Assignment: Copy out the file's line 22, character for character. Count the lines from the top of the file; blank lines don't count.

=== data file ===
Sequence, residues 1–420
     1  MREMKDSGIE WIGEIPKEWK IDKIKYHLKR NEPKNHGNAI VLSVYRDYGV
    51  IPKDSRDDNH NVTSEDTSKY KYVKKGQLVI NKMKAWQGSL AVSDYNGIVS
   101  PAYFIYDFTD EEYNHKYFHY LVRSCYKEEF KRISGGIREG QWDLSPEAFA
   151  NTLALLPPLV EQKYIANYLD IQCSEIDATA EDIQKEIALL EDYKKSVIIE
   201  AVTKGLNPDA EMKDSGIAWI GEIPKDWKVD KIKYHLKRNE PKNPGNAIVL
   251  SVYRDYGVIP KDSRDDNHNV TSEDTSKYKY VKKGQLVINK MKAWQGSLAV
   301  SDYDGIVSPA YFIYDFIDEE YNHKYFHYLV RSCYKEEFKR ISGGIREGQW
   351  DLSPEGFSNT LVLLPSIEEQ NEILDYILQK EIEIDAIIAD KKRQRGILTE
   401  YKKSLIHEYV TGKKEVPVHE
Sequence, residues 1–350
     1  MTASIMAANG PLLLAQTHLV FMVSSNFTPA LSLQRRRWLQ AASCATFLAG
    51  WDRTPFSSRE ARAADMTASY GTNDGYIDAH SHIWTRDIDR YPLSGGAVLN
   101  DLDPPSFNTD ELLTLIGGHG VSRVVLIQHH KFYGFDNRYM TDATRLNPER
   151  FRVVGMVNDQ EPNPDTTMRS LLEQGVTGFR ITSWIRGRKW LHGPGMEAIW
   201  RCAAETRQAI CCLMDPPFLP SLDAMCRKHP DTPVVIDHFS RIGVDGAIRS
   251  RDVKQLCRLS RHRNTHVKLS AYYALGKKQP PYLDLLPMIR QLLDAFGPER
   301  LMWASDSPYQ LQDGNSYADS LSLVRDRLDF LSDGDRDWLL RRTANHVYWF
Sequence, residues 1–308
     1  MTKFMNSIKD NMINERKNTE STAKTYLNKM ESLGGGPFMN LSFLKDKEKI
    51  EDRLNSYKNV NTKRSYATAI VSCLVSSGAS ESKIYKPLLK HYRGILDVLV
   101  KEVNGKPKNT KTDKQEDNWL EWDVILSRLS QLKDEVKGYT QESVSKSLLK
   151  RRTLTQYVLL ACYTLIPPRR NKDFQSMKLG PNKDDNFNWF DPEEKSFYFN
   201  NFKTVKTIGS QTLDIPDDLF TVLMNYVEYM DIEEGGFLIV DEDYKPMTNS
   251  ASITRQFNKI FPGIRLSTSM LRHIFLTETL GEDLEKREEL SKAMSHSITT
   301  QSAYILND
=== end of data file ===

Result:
   101  KEVNGKPKNT KTDKQEDNWL EWDVILSRLS QLKDEVKGYT QESVSKSLLK